• If someone has experiencing hurt and/or offense, my goal isn’t to “keep” them, but help them into healing. 
    • If they stay, I want them healthy.
    • If they still leave, I want them leaving healthy.
  • If someone disagrees and wants to leave, I just ask that we agree to disagree. I just believe that we can embrace Jesus, not necessarily see eye-to-eye on every detail in life, and STILL be cordial with each other. 
  • I don’t do exit interviews. That has been a place for me to get annihilated while empowering someone with the hammer to do it all the while, they get to leave and I’m left picking up the pieces. 
  • Don’t tolerate sinful practices. Gossip, slander, and bitterness are not Kingdom attributes.

Again, reflect Jesus to people when they come to your church; reflect Jesus if people leave your church. Perhaps if we (the pastors) will do a better job reflecting Christ during these situations, the parishioners will have the example to follow. 

My prayer over you is that God would help give abundant wisdom (James 1) of you as you traverse through this amazing opportunity to lead a local church community. I speak God’s blessing over you in handling both when people come AND when they leave. Remember,  with people, resources, strategy, wisdom, let your heart and your leadership reflect: 

Freely received; freely given.  Thine is the Kingdom.

Love you pastors.  I believe in you. You are a tremendous gift to the Kingdom. 

 

Thanks for letting me ramble…

2 Minute Marriage Devo – Day 3

Welcome to our 2 Minute Devos. This month we are in our Annual Marriage Series at Kalamazoo First Assembly of God and we’re going through devotions for couples. Take the time to read through the passage of the day and listen to the 2 Minute Devo.

Genesis 2:24

Therefore a man shall leave his father and his mother and hold fast to his wife, and they shall become one flesh.

2 Minute Devo Series: Book of Matthew Day 9

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Welcome to our 2 Minute Devos.  This month we’re going through the Book of Matthew.  Take the time to read through the passage of the day and listen to the 2 Minute Devo.

Matthew 8

English Standard Version (ESV)

Jesus Cleanses a Leper

When he came down from the mountain, great crowds followed him. And behold, a leper[a]came to him and knelt before him, saying, “Lord, if you will, you can make me clean.” And Jesus[b] stretched out his hand and touched him, saying, “I will; be clean.” And immediately his leprosy was cleansed. And Jesus said to him, “See that you say nothing to anyone, but go,show yourself to the priest and offer the gift that Moses commanded, for a proof to them.”

The Faith of a Centurion

When he had entered Capernaum, a centurion came forward to him, appealing to him, “Lord, my servant is lying paralyzed at home, suffering terribly.” And he said to him, “I will come and heal him.” But the centurion replied, “Lord, I am not worthy to have you come under my roof, but only say the word, and my servant will be healed. For I too am a man under authority, with soldiers under me. And I say to one, ‘Go,’ and he goes, and to another, ‘Come,’ and he comes, and to my servant,[c] ‘Do this,’ and he does it.” 10 When Jesus heard this, he marveled and said to those who followed him, “Truly, I tell you, with no one in Israel[d] have I found such faith. 11 I tell you, many will come from east and west and recline at table with Abraham, Isaac, and Jacob in the kingdom of heaven, 12 while the sons of the kingdom will be thrown into the outer darkness. In that place there will be weeping and gnashing of teeth.” 13 And to the centurion Jesus said, “Go; let it be done for you as you have believed.” And the servant was healed at that very moment.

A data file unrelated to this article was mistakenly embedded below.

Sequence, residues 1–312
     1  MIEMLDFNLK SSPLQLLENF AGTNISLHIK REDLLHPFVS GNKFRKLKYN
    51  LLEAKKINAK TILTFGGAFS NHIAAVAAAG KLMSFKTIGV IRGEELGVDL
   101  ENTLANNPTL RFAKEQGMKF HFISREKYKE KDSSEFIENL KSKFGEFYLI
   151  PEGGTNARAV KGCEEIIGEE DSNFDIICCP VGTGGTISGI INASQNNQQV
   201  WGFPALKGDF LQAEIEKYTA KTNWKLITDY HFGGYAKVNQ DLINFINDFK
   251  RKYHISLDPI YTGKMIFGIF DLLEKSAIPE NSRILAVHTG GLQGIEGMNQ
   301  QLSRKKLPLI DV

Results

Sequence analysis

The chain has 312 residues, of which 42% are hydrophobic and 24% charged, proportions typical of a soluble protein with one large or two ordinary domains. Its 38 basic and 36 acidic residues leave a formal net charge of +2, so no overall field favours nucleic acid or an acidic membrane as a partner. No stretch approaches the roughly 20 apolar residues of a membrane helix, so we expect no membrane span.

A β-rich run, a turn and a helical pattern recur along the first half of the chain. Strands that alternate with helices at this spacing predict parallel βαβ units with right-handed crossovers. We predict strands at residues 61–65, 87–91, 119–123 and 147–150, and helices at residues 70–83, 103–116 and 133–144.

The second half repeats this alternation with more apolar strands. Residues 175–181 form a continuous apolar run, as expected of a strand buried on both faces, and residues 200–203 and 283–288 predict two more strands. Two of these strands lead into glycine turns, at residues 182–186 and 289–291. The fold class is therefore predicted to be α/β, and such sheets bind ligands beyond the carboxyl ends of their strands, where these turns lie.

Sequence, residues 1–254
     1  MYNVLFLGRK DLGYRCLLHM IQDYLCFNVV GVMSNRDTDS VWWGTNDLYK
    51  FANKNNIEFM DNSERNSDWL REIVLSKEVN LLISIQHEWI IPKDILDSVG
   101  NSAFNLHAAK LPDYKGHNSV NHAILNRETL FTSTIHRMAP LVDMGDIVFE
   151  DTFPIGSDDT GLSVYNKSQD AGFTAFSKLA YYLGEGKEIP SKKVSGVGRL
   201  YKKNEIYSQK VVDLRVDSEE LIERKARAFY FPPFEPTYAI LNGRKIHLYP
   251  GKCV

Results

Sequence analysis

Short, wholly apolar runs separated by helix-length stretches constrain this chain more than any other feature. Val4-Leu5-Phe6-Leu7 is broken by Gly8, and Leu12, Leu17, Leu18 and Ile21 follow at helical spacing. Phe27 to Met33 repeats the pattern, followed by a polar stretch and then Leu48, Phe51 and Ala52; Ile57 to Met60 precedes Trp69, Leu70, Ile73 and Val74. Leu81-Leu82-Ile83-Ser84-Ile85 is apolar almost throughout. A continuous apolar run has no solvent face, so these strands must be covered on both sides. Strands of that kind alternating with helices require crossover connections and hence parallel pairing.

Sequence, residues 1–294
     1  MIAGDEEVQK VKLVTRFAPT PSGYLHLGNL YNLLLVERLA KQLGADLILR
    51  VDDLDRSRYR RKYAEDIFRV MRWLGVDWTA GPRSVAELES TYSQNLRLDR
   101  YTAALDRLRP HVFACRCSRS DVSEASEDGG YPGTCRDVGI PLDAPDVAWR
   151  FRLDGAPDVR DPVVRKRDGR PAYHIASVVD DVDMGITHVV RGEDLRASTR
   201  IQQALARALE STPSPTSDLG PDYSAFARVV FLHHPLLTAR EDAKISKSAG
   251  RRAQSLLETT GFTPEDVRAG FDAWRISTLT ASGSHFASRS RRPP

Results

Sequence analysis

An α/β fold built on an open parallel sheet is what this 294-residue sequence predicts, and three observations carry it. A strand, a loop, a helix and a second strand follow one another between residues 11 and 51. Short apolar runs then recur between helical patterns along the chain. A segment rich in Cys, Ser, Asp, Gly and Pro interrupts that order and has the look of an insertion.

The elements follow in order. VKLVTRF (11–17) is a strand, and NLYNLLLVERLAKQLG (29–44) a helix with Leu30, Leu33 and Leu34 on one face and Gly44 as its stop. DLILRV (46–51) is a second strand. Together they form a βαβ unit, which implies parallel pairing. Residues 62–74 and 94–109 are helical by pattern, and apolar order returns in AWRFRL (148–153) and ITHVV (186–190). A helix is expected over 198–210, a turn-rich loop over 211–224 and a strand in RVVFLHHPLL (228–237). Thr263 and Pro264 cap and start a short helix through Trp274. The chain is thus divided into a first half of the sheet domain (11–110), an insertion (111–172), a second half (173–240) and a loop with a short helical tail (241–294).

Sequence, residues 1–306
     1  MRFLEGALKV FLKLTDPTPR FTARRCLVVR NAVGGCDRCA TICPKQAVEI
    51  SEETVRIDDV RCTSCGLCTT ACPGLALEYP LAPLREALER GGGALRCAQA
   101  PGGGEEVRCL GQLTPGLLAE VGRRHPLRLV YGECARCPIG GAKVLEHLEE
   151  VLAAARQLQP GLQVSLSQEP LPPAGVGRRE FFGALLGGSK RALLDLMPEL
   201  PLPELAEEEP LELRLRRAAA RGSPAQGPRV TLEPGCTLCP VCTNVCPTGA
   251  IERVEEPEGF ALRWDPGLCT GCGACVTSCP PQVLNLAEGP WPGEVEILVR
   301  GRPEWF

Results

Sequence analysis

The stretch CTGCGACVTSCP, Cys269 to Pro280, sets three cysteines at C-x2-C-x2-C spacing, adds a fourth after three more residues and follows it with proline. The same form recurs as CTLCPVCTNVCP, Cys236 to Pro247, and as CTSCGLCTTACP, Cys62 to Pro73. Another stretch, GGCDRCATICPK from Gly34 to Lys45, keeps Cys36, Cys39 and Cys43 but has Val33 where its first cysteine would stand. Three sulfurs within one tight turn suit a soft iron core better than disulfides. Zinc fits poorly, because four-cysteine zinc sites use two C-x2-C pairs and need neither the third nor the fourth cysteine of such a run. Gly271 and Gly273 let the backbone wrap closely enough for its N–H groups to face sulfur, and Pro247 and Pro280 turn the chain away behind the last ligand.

Jesus Heals Many

14 And when Jesus entered Peter’s house, he saw his mother-in-law lying sick with a fever. 15 Hetouched her hand, and the fever left her, and she rose and began to serve him. 16 That evening they brought to him many who were oppressed by demons, and he cast out the spirits with a word and healed all who were sick. 17 This was to fulfill what was spoken by the prophet Isaiah:“He took our illnesses and bore our diseases.”

The Cost of Following Jesus

18 Now when Jesus saw a crowd around him, he gave orders to go over to the other side. 19 And a scribe came up and said to him, “Teacher, I will follow you wherever you go.” 20 And Jesus said to him, “Foxes have holes, and birds of the air have nests, but the Son of Man has nowhere to lay his head.” 21 Another of the disciples said to him, “Lord, let me first go and bury my father.”22 And Jesus said to him, “Follow me, and leave the dead to bury their own dead.”